Zombie Politics

I drank your milkshake.

Tuesday, May 08, 2007

A Terrible Record

Record Review – Linkin Park, Minutes to Midnight

I mean it: awful. I had read earlier (in the unexceptional Rolling Stone spring music preview) that they were ditching their patented rap-rock sound in favor of more earthy rock textures, courtesy of chubby, bearded shut-in Rick Rubin. Considering their patented rap-rock sound was the only thing that made them even remotely interesting, this seemed like a horrible mistake. Especially since the equally horrible Rick Rubin was behind the transformation.

As far as overrated producers go, he’s the leader of the pack (vroom vroom). He has made one good song in the past, oh, five years, and that song was “99 Problems,” which could probably be contributed to ‘clever sampling’ over ‘dazzling production work.’ He had recorded almost an entire album’s worth of material with Justin Timberlake, only to have it scrapped in favor of Timbaland’s mesmerizing, jittery, futuristic beats (the sole survivor from the Rick Rubin sessions, the album’s last track, is easily the most forgettable thing on the record). You know why? Because he sucks. And he has no creative filter. Timbaland records a song for a B-lister like Omarion and the result is “Ice Box,” a slow jam that rivals “My Love.” Rick Rubin does the Dixie Chicks, Shakira, Weezer, Neil Fucking Diamond... and it’s all the same, worthless shit.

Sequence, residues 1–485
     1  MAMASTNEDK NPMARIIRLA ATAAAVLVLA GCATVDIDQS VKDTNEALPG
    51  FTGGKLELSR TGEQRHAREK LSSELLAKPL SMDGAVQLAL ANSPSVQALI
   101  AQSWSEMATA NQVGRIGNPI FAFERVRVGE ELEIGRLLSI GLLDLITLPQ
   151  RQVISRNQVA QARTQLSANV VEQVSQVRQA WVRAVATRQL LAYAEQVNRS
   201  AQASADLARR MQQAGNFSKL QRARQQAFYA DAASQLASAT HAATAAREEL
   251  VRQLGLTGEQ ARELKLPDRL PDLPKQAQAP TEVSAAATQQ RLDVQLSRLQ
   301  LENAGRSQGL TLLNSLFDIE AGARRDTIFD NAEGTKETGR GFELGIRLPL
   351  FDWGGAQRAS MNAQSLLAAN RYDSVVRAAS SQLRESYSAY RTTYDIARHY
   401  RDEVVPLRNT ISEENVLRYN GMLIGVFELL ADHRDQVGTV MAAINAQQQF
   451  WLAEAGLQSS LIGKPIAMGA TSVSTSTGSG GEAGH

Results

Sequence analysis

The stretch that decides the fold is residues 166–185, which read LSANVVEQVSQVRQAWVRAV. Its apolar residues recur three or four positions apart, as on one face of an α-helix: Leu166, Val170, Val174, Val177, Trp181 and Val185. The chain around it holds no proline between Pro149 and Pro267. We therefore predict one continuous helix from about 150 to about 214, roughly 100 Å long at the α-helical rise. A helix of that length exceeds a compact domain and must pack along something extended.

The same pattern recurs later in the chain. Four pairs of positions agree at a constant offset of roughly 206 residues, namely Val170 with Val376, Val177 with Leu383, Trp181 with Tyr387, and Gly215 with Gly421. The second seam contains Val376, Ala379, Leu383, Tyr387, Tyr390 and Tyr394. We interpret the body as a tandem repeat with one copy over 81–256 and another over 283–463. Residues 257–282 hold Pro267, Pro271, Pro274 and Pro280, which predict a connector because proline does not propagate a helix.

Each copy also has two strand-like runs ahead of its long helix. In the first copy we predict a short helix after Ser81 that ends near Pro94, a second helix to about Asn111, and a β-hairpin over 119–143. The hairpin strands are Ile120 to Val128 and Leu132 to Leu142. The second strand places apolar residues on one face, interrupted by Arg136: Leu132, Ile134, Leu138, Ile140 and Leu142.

Like the second Bloc Party album, Minutes to Midnight’s chief offense is being really, really boring. Songs like “Shadow of the Day” and “Leave Out All the Rest” are painfully bland and for all their ‘weight’ leave you feeling NOTHING. It makes you wonder how these boys authored such rousing, fun songs like “Faint” (whose video, by Mark Romanek, is one of the best ever). Even the songs that could have promise as exciting enterprises quickly fizzle. “Bleed it Out” has a neat hand-clappy background but becomes repetitive and dull. The same for “In Pieces,” which has some exiting little beat-things going on in the background, goes nowhere, fast. Even the more rocky songs just sound like racket, and even the screaming (a Linkin Park touchstone) seems lackluster.

What’s especially disappointing is how much hope is riding on this album. It will no doubt do well, but the critical and commercial accolades will not be poured over them. They’ll wonder why they went so soft. And why they hired that chubby shut-in to do it.


Post a Comment

<< Home